Damani Singleton as Thurgood Marshall in the IRT production of 'The Color of Justice'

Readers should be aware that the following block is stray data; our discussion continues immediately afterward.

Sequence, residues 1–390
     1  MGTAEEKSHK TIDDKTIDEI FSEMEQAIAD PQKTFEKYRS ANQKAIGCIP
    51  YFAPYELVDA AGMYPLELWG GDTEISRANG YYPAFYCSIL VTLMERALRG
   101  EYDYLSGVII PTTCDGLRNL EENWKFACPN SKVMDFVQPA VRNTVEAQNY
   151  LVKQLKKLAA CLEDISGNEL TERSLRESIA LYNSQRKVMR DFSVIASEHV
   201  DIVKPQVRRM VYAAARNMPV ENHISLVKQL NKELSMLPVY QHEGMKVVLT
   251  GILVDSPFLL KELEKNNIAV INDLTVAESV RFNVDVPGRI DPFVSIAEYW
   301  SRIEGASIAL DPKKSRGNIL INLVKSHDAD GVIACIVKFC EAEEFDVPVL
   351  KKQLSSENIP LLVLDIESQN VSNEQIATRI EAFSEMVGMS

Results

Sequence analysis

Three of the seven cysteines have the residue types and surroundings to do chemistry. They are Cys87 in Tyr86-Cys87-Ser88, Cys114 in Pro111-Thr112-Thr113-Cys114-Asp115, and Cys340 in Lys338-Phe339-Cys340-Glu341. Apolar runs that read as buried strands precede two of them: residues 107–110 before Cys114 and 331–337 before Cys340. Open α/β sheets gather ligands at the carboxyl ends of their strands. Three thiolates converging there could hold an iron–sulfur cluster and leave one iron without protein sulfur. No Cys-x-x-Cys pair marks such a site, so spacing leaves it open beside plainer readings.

The Color of Justice Indiana Repertory Theatre Directed by Priscilla Lindsay Through March 11 In recognition of Black History Month, the Indiana Repertory Theatre presents The Color of Justice, a play that looks at the Brown vs. the Board of Education trial through the eyes of one family. It is part of the IRT’s Discovery Series, which aims theater towards students. But just because the show is meant to help students understand what life was like for blacks in the 1950s doesn’t mean it has no appeal for wider audiences. The show gives us a smart point of view: one family’s courage to see the case through in the face of threats from their community — not only for their own daughter, but for black children across the country. The personalization of the story helps to make the point clear that change was dangerous, and there were many unsung heroes in the battle for racial equality. Taylor Bolejack as 9-year-old Grace Carter (she alternates performances with Sophia Wright Daniels) is perfectly natural in her performance. The adult actors chime in with good performances as well, most notably Damani Singleton as a likeable Thurgood Marshall and Bryant Bentley as the charismatic father Ernest Carter. Costumes (Martin Chapman-Bowman) and scenic design (Robert M. Koharchik) are both appropriate and lovely. Priscilla Lindsay’s direction keeps the 70-minute show moving forward. The Color of Justice continues public performances Saturdays though March 11. Tickets are $39. Call the IRT, 140 W. Washington St., at 317-635-5252, www.indianarep.com